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Fire, flood, hurricane, tornado, earthquake, snowstorm, power grid failure, civil unrest, and pandemic. You can take your pick of these and other reasons why you should have an emergency stockpile of food for your family.
The Federal Emergency Management Agency (FEMA) recommends storing a minimum of one gallon of water per person for at least three days and a three-day supply of non-perishable food. And ready.gov has a list of suggested foods to store in your emergency pantry.
But over the past year and a half, most of us have realized that a three-day supply is not nearly enough to get us through some emergencies. Building a stockpile of food for the future while feeding a family in the present can be expensive. How can you get the most bang for your buck on the stuff you need?
We’ve spent some time scouring the web for deals and checking brick-and-mortar store prices to come up with eight ways to find great deals on emergency food.
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1. Order Long-Lasting Staples in Bulk
You probably already know that dried staples like hard grains, beans, white rice, rolled oats, and pasta are inexpensive and have a long shelf life. You also can serve them in many ways and many recipes.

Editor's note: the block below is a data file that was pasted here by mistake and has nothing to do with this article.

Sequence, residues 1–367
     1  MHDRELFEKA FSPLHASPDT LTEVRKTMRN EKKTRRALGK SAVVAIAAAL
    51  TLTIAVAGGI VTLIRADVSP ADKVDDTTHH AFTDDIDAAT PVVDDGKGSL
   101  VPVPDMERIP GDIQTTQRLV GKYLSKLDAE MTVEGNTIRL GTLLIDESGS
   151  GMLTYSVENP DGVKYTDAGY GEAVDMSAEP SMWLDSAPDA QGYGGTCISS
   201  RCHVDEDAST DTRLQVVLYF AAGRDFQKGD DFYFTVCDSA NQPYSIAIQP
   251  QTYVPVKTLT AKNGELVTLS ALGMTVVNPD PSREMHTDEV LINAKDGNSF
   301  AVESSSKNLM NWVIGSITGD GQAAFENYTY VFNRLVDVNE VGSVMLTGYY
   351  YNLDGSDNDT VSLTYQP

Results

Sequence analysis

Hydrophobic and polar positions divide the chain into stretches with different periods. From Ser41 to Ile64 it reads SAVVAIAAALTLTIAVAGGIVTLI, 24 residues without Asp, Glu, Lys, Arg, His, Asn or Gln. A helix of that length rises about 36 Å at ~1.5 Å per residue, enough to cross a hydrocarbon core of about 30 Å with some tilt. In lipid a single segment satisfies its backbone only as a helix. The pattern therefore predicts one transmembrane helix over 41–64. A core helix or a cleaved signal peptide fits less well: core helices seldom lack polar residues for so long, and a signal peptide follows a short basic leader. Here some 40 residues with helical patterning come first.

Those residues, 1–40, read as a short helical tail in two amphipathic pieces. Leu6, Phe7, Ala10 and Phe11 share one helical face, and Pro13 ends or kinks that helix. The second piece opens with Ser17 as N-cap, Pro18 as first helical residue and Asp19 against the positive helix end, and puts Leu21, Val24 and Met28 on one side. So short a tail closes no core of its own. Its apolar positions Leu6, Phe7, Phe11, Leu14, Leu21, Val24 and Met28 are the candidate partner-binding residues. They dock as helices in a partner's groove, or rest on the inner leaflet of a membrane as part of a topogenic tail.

You can save by buying these items in bulk, and we found some of the best online deals at the Church of Jesus Christ of Latter-Day Saints website store. And they are already packaged for long-term storage. Here are a few deals we found:
- A case of white rice that includes six #10 cans for $47.90.
- A case of rolled oats that includes six #10 cans for $34.90.
- A case of black beans that includes six #10 cans for $48.85.
Tip: Find out if there is an LDS cannery near you, and you can get the same food even cheaper and save on shipping. (You don’t need to be an LDS member to shop the website or cannery.)
2. Shop Clearance/Sale Sections
You know to look for clearance sales at brick-and-mortar stores, but did you know some websites have them too?
The Emergency Essentials/BePrepared website has a clearance/sale page that updates frequently. On our recent visit, we saw prices that were $5 off or more on such shelf-stable food items as dehydrated chopped onions, freeze-dried tomato chunks, and whole egg powder.
3. Get Familiar With Bulk Options At Big-Box Stores
Membership stores like Costco and Sam’s Club and supermarkets like WinCo and Walmart sell emergency foods at pretty reasonable prices, and if you buy in person, you can save on shipping.
For example, on a recent in-person visit to Walmart, we found a #10 can of Augason Farms Dehydrated Diced Red & Green Bell Peppers for $12.58 and a #10 can of Augason Farms Dehydrated Potato Shreds for $22.35. Not bad!
4. Get Savvy With Coupons
Most stores and websites have some sort of couponing system, and once you learn to navigate it, you can save on staples like baking soda, sugar, popcorn, salt, and canned goods.
5. Learn About Case Lot Sales